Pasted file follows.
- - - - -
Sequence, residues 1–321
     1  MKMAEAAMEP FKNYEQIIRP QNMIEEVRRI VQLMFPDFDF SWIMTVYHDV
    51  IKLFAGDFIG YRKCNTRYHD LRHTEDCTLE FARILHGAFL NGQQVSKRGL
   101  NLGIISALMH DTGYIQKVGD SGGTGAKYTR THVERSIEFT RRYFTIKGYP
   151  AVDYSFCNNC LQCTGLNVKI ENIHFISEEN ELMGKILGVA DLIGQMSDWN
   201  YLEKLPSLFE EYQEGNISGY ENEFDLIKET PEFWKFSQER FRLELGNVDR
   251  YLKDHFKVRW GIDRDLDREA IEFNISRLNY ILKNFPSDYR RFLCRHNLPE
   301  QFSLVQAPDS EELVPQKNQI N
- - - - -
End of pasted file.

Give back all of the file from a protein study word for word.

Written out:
Sequence, residues 1–321
     1  MKMAEAAMEP FKNYEQIIRP QNMIEEVRRI VQLMFPDFDF SWIMTVYHDV
    51  IKLFAGDFIG YRKCNTRYHD LRHTEDCTLE FARILHGAFL NGQQVSKRGL
   101  NLGIISALMH DTGYIQKVGD SGGTGAKYTR THVERSIEFT RRYFTIKGYP
   151  AVDYSFCNNC LQCTGLNVKI ENIHFISEEN ELMGKILGVA DLIGQMSDWN
   201  YLEKLPSLFE EYQEGNISGY ENEFDLIKET PEFWKFSQER FRLELGNVDR
   251  YLKDHFKVRW GIDRDLDREA IEFNISRLNY ILKNFPSDYR RFLCRHNLPE
   301  QFSLVQAPDS EELVPQKNQI N